Home > testing > Context aware blogging and testing

Context aware blogging and testing

I have touched this before, and now I think its time to bring it up again. Any story needs a context to fulfill the purpose of people understanding it. This is true for any story, may it be in testing or blogging or anything else for that matter. This is a tough one, since you never seem to be able to explain enough of the context in a blog post.


In my last post , I actually tried to explain some of the context that I saw as an important part of the posting. In that case, no reader can be sure that the explained context would include more of the unsaid context, and is required to ask for clarifications of this context. That is what happened when James commented on it:

“When I talk about the tester role in a project team, I usually refer to a person that fulfills and executes the tasks needed to achieve quality of delivered software.”

Oh Sigge… This is not what testers do. You know better than that.

Go and listen to Michael Bolton’s webinar “Testers Get Out of the QA Business” then come back and rewrite that sentence.

I wasn’t really sure what he actually meant, since in my perspective I thought I had explained that pretty good actually. Then I thought I was even more correct when I got this message on twitter:

jamesmarcusbach@siggeb Say this 100 times: “Testers do not assure quality. Testers light the way (toward quality).”

This made me think that James had just misread achieve for assure. I am very much aware of the QA discussion about assuring/assisting. When one is dug into that context as James is, I actually believe that a misinterpretation of achieve with assure is possible.


I would actually say that the “help the team achieve quality” that I wrote could be another wording for “light the way towards quality” just as James suggested instead. Would that be totally off the edge, you think? But yes, it could of course be misinterpreted as well as any story. When I later dug into the post suggested by James, through another link, I found the general meaning what I actually meant, described by Cem Kaner.

Quality Assistance–that’s what testers do. We help. We investigate. We learn things. We report them clearly. We make sure that people understand what we have found and what its significance means. We provide the good data that is so important for understanding and improving the quality of the product. That’s important, but it’s not “quality assurance.”

If inserted into my previous post. What would you answer to my questions, in the specific context given? What kind of help is needed by this tester? What kind of investigation will help the project learn about the product to make it better? What I am after is actually skills and experience required from THIS tester.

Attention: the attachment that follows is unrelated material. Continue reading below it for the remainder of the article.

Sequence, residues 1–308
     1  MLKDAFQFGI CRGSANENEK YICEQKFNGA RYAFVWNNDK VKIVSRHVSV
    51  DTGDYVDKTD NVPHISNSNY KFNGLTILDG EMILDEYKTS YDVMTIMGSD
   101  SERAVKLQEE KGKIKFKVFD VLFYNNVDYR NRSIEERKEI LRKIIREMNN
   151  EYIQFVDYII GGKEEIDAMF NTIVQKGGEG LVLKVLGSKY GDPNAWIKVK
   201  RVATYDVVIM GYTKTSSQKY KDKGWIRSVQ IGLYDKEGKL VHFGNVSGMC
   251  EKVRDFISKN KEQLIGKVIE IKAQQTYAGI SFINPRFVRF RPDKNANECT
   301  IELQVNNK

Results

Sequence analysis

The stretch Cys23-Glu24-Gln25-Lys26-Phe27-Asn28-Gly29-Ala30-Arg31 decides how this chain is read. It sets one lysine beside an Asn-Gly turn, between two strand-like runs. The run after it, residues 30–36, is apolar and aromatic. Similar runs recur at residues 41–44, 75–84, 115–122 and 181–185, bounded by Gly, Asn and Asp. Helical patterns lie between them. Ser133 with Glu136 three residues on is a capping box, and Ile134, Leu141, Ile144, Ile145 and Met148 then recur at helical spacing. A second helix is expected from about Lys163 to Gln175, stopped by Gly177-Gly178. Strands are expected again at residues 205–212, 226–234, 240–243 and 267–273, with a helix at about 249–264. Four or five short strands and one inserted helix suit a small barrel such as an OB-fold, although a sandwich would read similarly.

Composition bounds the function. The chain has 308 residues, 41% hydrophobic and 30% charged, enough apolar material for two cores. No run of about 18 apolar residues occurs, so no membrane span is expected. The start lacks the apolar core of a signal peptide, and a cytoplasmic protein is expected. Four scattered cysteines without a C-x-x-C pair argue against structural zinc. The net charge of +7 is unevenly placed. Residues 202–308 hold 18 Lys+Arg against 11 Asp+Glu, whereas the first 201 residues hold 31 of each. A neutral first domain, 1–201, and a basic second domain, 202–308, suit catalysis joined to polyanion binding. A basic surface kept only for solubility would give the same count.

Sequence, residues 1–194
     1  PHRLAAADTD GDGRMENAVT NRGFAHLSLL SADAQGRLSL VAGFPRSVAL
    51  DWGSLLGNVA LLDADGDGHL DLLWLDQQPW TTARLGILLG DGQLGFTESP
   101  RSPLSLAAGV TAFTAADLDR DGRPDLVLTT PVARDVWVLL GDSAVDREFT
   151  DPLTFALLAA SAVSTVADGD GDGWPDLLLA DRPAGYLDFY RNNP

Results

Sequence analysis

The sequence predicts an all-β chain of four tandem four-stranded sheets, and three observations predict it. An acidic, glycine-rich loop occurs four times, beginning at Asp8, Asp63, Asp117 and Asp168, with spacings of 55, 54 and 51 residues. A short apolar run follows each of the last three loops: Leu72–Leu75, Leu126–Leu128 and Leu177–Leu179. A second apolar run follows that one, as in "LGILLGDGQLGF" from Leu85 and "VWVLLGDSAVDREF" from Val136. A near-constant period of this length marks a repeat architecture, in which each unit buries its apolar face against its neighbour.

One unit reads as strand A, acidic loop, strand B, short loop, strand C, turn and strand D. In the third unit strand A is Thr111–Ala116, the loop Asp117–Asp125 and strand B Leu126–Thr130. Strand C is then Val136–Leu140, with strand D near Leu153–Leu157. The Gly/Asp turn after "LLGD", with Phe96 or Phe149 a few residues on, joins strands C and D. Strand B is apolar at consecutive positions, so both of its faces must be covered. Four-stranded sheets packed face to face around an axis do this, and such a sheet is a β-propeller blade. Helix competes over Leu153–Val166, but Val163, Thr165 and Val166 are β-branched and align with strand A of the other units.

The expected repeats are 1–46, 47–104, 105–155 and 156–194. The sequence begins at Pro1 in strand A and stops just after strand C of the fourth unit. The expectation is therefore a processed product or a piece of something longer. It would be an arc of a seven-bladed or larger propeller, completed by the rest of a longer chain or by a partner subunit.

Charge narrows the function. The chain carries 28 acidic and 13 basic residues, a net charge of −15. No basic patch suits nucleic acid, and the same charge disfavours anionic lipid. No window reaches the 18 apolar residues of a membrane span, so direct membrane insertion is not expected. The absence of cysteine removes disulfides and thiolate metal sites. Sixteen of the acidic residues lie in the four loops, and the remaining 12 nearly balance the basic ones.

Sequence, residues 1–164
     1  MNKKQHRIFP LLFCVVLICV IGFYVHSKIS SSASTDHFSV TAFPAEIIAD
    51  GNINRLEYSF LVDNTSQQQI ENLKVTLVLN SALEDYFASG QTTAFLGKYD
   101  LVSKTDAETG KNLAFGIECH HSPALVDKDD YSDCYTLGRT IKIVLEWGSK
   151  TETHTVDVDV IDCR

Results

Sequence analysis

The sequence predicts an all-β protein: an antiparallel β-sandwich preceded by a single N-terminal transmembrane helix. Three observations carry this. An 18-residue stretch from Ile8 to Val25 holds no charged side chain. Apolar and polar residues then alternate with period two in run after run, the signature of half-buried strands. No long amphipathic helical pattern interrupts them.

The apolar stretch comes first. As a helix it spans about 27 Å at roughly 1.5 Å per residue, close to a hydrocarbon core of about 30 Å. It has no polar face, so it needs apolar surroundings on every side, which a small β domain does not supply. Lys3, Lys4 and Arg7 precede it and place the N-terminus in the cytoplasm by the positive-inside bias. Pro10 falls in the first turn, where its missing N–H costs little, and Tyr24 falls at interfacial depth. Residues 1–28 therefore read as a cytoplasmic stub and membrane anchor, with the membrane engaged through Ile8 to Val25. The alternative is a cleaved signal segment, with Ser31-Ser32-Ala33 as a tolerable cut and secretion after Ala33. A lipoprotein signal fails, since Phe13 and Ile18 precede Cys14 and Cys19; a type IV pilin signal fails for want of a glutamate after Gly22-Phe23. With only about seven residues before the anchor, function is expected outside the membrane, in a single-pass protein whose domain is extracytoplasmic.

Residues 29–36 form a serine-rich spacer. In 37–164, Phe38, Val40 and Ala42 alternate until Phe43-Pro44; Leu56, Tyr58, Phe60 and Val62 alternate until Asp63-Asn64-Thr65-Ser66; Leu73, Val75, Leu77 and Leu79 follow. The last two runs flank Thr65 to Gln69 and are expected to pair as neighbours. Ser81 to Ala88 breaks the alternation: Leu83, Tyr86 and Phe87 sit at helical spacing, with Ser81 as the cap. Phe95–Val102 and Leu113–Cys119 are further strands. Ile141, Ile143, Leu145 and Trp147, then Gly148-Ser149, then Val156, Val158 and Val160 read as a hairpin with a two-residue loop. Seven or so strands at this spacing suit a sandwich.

What should a developer in this project expect from the tester?

What do you think a developer usually expects from the tester?

What kind of skills are required by the tester?

What kind of tasks will the tester do? Start/mid/end of the project?

Summing up

A context aware tester knows when to stop asking for more context, just as much as a context aware blogger knows how much context to serve in a post. I am a novice blogger, and I am still unsure on how much context to include in my posts. But I will learn by experience and practice. If you need more context to answer my questions, then ask me to give more, or even better, answer and explain the context you are thinking of. Thank you James for the challenge that made me dig deeper into my own and others thoughts on the topic.

While exploring around these issues, I also found this, which might as well raise some questions about differences in the words context-awareness and context-driven with my present title in mind. This, as well as some reasoning on specific wording will be foundation for future posts. =)

Now I am going on vacation, so I am unsure on how much I will be able to answer more questions on the context, but please try to help me answer the questions that I brought up in my last posting as well as this one.

  1. No comments yet.
  1. No trackbacks yet.

Leave a Reply

Fill in your details below or click an icon to log in:

WordPress.com Logo

You are commenting using your WordPress.com account. Log Out /  Change )

Twitter picture

You are commenting using your Twitter account. Log Out /  Change )

Facebook photo

You are commenting using your Facebook account. Log Out /  Change )

Connecting to %s

%d bloggers like this: